Phineas Upham; Lori Rosenkopf, Management, The Wharton School; and Lyle Ungar, Computer and Information Science, University of Pennsylvania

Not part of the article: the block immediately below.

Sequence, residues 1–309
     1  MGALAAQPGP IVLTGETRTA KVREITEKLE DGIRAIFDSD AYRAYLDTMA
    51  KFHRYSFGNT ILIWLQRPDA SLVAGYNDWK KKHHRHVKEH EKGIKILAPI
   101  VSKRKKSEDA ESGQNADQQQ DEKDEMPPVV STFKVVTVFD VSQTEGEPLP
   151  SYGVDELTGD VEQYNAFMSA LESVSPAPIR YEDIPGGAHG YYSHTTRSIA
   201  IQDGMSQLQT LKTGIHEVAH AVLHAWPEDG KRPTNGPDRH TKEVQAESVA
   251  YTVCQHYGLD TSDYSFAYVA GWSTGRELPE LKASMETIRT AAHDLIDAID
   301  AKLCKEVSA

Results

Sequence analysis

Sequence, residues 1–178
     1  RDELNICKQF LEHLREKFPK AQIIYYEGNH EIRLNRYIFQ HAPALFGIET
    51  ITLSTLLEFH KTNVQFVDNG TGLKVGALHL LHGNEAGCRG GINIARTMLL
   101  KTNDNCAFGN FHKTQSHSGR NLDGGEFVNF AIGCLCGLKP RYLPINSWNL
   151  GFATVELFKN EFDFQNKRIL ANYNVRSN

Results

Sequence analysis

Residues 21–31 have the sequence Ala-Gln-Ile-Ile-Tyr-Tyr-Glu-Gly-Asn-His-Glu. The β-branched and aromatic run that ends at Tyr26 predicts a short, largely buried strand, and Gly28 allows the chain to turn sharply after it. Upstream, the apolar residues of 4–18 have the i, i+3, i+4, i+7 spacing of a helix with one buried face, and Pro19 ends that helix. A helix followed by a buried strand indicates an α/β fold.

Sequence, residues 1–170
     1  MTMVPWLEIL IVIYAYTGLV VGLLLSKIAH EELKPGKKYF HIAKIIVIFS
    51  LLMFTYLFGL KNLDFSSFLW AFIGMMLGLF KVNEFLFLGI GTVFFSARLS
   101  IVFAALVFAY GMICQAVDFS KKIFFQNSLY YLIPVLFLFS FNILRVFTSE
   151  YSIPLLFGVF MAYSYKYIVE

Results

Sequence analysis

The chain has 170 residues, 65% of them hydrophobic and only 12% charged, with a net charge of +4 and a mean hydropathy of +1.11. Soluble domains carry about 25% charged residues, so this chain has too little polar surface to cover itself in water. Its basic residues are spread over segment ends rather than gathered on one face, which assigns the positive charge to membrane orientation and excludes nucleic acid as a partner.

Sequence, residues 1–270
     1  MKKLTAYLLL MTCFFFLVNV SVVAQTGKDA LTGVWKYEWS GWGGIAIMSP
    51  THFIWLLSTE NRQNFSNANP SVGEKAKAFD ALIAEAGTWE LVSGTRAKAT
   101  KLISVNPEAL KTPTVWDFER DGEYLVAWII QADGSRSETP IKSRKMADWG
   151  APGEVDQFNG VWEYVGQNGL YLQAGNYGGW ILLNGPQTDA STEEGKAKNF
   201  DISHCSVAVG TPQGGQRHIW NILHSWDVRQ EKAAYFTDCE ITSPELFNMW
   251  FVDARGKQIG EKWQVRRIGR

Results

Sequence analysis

Abstract: A useful level of analysis for the study of innovation may be what we call “knowledge communities” — intellectually cohesive, organic inter-organizational forms. Formal organizations like firms are excellent at promoting cooperation, but knowledge communities are superior at fostering collaboration — the most important process in innovation. Rather than focusing on what encourages performance in formal organizations, we study what characteristics encourage aggregate superior performance in informal knowledge communities in computer science. Specifically, we explore the way knowledge communities both draw on past knowledge, as seen in citations, and use rhetoric, as found in writing, to seek a basis for differential success. We find that when using knowledge successful knowledge communities draw from a broad range of sources and are extremely flexible in changing and adapting. In marked contrast, when using rhetoric successful knowledge communities tend to use very similar vocabularies and language that does not move or adapt over time and is not unique or esoteric compared to the vocabulary of other communities. A better understanding of how inter-organizational collaborative network structures encourage innovation is important to understanding what drives innovation and how to promote it.